Kathleen Tillett’s Personality-Filled Home
A woman’s personality-filled loft above a Massachusetts textile factory celebrates generations of her family’s life and craft.
The towering open shelf in Kathleen Tillett’s loft is a storyboard and a shrine, a celebration of objects ordinary and odd. There are clay beads and glass orbs, plastic Christmas ornaments, architectural molds, photographs and cloth-bound books. A smock splashed with color is hooked on one end, alongside rusted chains once used to restrain theatrical curtains. Tillett found the shelf—reportedly salvaged from a municipal building in Denmark—in the basement of an antique shop nearly twenty years ago.
“It’s incredible,” she says, her voice lowering with unabated awe. “It has all slate shelves, all numbered. I’ve never seen anything like it.” Its placement is practical—it separates a cozy seating area from the main living area—but its overburdened shelves are weighted with meaning. The objects all connect, in some way, with Tillett, her children, and their grandparents. “It’s all the things they’ve experienced or are proud of, things they did,” she explains. “Very unimportant things to anybody else, but important things to the family.”
Twelve years ago, when the last of her five children left for college, Tillett raised the roof on the family’s screen-printing factory in Sheffield, Massachusetts, to create a home for herself. The apartment would be hers, but it would also be deeply connected to her family and the craft they’ve practiced for four generations.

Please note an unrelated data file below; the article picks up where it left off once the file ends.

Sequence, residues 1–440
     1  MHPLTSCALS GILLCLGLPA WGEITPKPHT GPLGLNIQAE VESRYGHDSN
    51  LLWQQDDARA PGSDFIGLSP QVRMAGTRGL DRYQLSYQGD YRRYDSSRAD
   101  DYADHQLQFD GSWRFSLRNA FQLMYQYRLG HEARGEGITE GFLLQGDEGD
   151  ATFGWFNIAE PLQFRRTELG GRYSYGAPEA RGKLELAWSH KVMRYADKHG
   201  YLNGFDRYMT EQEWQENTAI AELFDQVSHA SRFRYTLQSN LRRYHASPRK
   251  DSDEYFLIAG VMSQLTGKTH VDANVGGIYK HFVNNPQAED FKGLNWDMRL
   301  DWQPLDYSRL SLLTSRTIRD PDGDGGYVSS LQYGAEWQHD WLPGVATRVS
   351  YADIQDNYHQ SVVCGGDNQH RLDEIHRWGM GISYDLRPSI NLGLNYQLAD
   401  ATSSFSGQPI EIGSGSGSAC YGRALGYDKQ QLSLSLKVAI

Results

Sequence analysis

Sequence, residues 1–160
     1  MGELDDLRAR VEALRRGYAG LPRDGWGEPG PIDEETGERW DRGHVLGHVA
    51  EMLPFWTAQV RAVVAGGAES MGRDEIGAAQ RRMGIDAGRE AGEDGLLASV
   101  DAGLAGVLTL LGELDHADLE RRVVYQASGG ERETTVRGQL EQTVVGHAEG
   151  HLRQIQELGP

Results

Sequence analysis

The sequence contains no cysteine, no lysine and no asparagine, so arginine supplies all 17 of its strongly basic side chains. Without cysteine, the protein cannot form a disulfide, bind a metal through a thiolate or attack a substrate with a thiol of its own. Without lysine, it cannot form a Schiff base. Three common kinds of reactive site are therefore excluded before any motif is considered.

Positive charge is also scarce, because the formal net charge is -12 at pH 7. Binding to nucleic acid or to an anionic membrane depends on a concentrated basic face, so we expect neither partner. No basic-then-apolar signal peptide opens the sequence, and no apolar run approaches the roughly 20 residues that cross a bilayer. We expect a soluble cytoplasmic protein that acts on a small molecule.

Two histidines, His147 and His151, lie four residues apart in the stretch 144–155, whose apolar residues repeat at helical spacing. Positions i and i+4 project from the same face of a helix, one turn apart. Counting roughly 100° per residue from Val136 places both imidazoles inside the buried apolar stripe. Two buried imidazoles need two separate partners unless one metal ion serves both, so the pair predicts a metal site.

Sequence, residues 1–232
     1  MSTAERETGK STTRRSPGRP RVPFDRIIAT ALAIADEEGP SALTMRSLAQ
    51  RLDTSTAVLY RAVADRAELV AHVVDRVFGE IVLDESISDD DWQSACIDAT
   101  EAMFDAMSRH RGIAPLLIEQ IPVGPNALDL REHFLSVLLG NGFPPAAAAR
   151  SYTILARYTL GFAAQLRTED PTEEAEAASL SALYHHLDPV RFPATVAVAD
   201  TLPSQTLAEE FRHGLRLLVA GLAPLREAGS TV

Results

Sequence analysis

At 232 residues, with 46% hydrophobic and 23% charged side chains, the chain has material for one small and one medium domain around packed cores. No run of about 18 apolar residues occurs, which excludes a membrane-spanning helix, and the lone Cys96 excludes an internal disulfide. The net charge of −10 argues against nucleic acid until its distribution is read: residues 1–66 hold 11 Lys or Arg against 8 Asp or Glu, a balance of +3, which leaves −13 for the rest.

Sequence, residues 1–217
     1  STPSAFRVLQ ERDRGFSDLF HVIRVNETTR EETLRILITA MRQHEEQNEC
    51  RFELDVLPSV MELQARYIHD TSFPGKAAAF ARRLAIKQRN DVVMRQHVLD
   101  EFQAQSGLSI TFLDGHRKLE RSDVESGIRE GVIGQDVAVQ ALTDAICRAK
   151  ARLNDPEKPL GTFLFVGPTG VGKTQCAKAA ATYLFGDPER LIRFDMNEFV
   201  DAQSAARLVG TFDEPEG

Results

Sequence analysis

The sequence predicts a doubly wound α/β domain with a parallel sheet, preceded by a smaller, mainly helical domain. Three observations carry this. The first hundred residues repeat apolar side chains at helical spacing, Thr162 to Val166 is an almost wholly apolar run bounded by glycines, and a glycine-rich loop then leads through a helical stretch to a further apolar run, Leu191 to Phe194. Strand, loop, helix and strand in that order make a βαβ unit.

Now headed by Tillett’s son Patrick McBride, Tillett Textiles was founded in the 1930s by Leslie Tillett, who with his brother left the family’s screen-printing business in England to set up shop in Mexico. In the 1940s, Leslie and his wife, D.D. Doctorow—a journalist who fell in love with Tillett after interviewing him for a Harper’s Bazaar article—relocated to New York. Their lively patterns soon attracted top designers and scores of high-profile fans, including First Lady Jacqueline Kennedy. “It’s quite a beautiful story,” says Tillett, who ran the company for forty years. “It’s a wonderful thing for us to carry on.”
Until she moved in, the attic of the Sheffield factory was a repository for seven decades of Tillett screens; she consolidated this extensive library (which is still tapped for new designs) to free up about a third of the second floor. Constructed by the government in the 1970s, the former pig barn was as stylish as a sheet of muslin. When Tillett purchased it, its prime virtue was its ability to accommodate the factory’s 110-foot-long printing tables.
Tillett had local contractor Bob Johnston, now retired, begin by slicing off part of the roof. They let the project take its own path from there, conferring at the end of each day about what to do next. The rebuilt attic space was supplemented with a tower to create a 2,300-square-foot apartment that includes an open living area with a kitchen and scullery, as well as three bedrooms, three baths, a yoga studio, and a screened porch that overlooks surrounding cornfields.